2. Don’t expect high level tech support to be better than you. I trusted Symantec’s support technicians when they suggested that we try one thing after another that didn’t work. I figured that since they work on these issues every day that they may know something I don’t know. They didn’t. In fact I almost always had more information about the products and errors than they did. I’m not saying they were incompetent; just that I shouldn’t have gotten my hopes up. The technicians appear to be overworked, often taking half a day to reply to E-mails even though I had a critical level case and have been down for more than ten days. I had to send numerous E-mails just asking for updates. Maybe they just can’t give cases their full attention.
  3. Symantec is mired in the past. Backup Exec is a dinosaur that despite being in existence for decades still can’t get simple tasks done like uninstalling or upgrading. What’s more, Symantec support seems completely unequipped to work through these issues. While it’s true that they have a myriad of support articles, many of them are out of date, poorly written and don’t solve the problems they proclaim to. The installation doesn’t bother to tell you that it’s going to gobble up 800MB of storage space on your system volume even if you specify a different installation path for the product. The installation files have gone from around 660MB in 2006 to 2,390MB in 2012. The product is nearly four times larger. For what? I didn’t measure the memory usage before and after, but I can tell you that 2012 uses significantly more to do the same thing. A quick review of my processes shows Backup Exec and its SQL processes eating up at least 600MB of RAM. That’s without the manager or a job running!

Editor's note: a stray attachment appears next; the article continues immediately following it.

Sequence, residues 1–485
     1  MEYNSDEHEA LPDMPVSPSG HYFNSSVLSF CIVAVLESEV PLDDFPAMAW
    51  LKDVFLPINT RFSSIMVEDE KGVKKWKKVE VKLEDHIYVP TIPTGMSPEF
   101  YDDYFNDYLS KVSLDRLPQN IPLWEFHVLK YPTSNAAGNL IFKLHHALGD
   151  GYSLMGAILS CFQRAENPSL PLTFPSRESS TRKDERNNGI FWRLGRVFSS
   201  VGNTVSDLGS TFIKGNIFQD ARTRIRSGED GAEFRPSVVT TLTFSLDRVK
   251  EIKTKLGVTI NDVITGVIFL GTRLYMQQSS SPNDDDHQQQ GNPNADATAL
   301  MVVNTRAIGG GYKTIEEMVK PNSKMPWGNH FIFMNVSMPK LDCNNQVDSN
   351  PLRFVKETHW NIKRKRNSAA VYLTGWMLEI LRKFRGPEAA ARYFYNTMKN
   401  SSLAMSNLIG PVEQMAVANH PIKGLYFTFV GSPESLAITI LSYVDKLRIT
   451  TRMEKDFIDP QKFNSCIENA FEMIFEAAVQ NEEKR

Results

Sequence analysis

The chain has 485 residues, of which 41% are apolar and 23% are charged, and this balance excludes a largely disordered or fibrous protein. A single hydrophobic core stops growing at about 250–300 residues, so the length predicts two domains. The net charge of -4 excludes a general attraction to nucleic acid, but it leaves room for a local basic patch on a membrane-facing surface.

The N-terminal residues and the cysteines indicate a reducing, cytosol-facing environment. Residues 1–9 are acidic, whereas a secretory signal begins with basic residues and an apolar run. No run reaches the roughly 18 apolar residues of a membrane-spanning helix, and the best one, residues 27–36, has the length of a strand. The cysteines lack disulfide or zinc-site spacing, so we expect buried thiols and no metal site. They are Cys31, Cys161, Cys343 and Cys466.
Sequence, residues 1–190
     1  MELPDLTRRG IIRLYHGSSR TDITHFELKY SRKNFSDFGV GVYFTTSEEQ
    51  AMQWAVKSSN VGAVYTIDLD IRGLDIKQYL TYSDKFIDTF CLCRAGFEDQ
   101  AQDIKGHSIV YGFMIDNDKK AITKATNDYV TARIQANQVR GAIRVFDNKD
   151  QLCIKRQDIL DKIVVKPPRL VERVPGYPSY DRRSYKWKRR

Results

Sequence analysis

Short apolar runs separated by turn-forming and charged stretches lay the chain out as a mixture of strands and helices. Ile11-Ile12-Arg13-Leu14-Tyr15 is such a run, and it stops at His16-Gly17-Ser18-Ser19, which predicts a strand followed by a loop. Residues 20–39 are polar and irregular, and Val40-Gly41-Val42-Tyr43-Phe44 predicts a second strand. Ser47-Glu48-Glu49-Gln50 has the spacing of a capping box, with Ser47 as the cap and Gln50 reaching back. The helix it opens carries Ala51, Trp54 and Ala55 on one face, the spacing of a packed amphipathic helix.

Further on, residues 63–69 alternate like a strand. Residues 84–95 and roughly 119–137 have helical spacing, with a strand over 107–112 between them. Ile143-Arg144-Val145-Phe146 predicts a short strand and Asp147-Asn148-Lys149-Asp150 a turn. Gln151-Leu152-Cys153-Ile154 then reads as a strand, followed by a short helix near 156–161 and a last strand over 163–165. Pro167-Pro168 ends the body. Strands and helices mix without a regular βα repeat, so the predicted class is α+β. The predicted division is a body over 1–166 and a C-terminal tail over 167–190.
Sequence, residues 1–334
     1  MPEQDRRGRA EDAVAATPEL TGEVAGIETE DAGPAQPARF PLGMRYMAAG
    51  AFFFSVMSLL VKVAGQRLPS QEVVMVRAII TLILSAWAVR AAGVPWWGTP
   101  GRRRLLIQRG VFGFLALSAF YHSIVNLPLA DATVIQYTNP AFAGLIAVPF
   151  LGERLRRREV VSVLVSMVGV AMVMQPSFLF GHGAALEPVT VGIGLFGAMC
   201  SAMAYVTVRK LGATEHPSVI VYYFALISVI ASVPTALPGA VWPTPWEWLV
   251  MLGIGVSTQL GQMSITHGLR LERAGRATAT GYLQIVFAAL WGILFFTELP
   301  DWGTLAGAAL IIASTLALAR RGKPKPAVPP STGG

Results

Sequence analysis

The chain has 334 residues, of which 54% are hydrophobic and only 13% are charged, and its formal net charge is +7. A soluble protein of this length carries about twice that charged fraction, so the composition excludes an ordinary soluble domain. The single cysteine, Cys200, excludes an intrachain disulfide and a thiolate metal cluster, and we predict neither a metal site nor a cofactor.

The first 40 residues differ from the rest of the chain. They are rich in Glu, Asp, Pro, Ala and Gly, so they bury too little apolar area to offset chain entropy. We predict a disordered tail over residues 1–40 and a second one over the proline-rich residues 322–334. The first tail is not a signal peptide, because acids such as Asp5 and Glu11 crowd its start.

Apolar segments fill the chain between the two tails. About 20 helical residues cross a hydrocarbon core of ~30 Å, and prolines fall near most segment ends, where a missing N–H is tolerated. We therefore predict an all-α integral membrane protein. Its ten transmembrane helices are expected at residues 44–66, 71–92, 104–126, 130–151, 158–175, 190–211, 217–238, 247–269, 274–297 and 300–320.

4. Time to start looking for new solutions. I’m not going to be purchasing another Backup Exec product. This experience has seen to that. Despite Matt from Symantec reaching out and escalating my case to a higher level of support, which I appreciate and find very pro-active, I essentially had to resolve the issue on my own. All for a product that costs $259.00 more than it used to in order to perform the same job.
If anyone out there can recommend a solid backup solution that will backup to external drives, folders on disks (for cloud backup) and is capable of backing up Windows roaming profiles stored on servers using user credentials let me know in the comments!